To take the job, Mattis will need Congress to pass new legislation to bypass a federal law stating that defense secretaries must not have been on active duty in the previous seven years. Congress has granted a similar exception just once, when Gen. George C. Marshall was appointed to the job in 1950.
An announcement is likely by early next week, according to the people familiar with the choice. Jason Miller, a spokesman with the Trump transition team, tweeted Thursday evening that no decision had been made. Trump’s son Donald Jr., meanwhile, retweeted a report saying that Mattis got the job.
Mattis, 66, retired as the chief of U.S. Central Command in spring 2013 after serving more than four decades in the Marine Corps. He is known as one of the most influential military leaders of his generation, serving as a strategic thinker while occasionally drawing rebukes for his aggressive talk. Since retiring, he has served as a consultant and as a visiting fellow with the Hoover Institution, a think tank at Stanford University.
Like Trump, Mattis favors a tougher stance against U.S. adversaries abroad, especially Iran. The general, speaking at the Center for Strategic and International Studies in April, said that while security discussions often focus on terrorist groups such as the Islamic State or al-Qaeda, the Iranian regime is “the single most enduring threat to stability and peace in the Middle East.”
Mattis said the next president “is going to inherit a mess” and argued that the nuclear deal signed by the Obama administration last year may slow Iran’s ambitions to get a nuclear weapon but will not stop them.
“In terms of strengthening America’s global standing among European and Mideastern nations alike, the sense is that America has become somewhat irrelevant in the Middle East, and we certainly have the least influence in 40 years,” Mattis said.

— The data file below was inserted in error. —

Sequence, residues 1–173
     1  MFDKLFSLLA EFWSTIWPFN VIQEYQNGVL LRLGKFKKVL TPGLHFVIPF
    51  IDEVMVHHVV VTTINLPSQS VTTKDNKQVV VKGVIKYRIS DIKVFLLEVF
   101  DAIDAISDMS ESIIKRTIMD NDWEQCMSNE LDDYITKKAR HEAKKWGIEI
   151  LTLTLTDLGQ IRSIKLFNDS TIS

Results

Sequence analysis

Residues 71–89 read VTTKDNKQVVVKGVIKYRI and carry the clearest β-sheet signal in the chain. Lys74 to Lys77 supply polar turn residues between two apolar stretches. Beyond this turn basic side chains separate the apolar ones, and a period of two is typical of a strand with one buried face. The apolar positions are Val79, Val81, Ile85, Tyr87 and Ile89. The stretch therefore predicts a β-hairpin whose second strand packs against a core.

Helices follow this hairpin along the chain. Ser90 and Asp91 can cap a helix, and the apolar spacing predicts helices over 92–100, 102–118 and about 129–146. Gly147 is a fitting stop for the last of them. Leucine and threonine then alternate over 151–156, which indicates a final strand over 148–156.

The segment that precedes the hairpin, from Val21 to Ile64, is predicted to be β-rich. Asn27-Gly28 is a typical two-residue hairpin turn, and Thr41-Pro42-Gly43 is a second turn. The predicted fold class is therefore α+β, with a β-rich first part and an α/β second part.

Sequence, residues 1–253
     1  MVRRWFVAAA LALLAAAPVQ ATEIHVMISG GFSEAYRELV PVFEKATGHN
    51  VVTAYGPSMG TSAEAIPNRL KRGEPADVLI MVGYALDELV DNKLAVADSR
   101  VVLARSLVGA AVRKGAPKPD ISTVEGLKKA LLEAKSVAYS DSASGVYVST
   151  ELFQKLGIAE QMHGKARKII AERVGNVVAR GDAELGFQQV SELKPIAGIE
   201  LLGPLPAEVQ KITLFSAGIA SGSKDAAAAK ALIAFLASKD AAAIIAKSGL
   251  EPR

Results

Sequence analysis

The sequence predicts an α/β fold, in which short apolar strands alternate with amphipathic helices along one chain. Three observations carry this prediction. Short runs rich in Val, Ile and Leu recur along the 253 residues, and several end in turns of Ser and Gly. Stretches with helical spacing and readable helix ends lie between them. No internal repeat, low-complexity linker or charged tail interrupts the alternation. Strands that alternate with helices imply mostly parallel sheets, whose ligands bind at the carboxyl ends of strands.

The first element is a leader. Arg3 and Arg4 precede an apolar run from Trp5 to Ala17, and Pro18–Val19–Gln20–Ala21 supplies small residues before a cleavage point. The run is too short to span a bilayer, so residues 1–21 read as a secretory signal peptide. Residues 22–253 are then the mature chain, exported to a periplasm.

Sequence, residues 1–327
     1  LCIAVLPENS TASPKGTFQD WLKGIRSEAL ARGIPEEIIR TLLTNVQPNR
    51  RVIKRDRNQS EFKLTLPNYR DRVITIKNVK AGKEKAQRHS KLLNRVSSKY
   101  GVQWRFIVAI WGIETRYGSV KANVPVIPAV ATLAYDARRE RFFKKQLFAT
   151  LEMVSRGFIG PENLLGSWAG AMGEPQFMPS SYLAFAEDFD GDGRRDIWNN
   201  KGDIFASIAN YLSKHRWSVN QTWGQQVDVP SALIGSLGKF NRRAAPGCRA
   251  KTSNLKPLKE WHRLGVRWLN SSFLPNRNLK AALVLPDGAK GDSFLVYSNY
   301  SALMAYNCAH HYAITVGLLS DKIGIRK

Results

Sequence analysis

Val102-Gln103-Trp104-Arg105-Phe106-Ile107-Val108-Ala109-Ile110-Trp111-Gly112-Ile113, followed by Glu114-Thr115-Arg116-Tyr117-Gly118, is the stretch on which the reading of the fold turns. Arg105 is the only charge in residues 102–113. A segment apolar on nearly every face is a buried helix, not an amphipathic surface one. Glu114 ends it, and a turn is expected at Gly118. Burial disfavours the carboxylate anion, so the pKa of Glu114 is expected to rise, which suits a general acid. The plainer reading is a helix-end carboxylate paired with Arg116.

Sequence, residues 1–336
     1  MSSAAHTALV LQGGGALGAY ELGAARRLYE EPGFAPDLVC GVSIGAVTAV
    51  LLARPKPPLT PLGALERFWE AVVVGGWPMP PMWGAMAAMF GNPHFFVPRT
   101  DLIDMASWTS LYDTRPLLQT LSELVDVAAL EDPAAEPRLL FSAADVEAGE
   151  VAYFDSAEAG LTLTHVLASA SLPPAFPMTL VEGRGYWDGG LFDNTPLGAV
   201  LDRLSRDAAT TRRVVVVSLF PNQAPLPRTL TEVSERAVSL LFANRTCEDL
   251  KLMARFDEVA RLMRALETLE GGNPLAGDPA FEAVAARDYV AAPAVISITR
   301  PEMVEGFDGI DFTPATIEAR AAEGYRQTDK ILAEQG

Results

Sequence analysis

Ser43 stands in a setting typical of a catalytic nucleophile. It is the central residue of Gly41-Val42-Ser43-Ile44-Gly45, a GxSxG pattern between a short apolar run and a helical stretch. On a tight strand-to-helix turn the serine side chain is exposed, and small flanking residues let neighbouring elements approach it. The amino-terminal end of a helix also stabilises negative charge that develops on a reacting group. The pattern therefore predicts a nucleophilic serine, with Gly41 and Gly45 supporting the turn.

But Mattis may break with Trump’s practice of calling out allies for not doing enough to build stability. In the same event, Mattis said he was troubled by President Obama’s remarks in a March interview with the Atlantic that there were “free riders” accepting U.S. help without reciprocating. He added that he read the Atlantic story after printing it out and briefly thought he had accidentally mixed it with a news clip that highlighted Trump’s views.
“The president-elect is smart to think about putting someone as respected as Jim Mattis in this role,” said a former senior Pentagon official. “He’s a warrior, scholar and straight shooter — literally and figuratively. He speaks truth to everyone and would certainly speak truth to this new commander in chief.”
But the official, who spoke on the condition of anonymity to discuss Trump’s personnel choices, said: “If there’s any concern at all, it’s the principle of civilian control over the military. This role was never intended to be a kind of Joint Chiefs of Staff on steroids, and that’s the biggest single risk tied to Mattis. For Mattis, the biggest risk for him personally is that he will have a national security adviser in the form of Mike Flynn whose management style and extreme views may arch Mattis’s eyebrows and cause conflict over time. It’s no fun to be secretary of defense if you have to constantly feud with the White House.”
Mattis served from November 2007 to August 2010 as the supreme allied commander of transformation for the North Atlantic Treaty Organization, focused on improving the military effectiveness of allies. Trump called NATO “obsolete” earlier this year before saying later that he was “all for NATO” but wanted all members to spend at least 2 percent of their gross domestic product on defense, a NATO goal.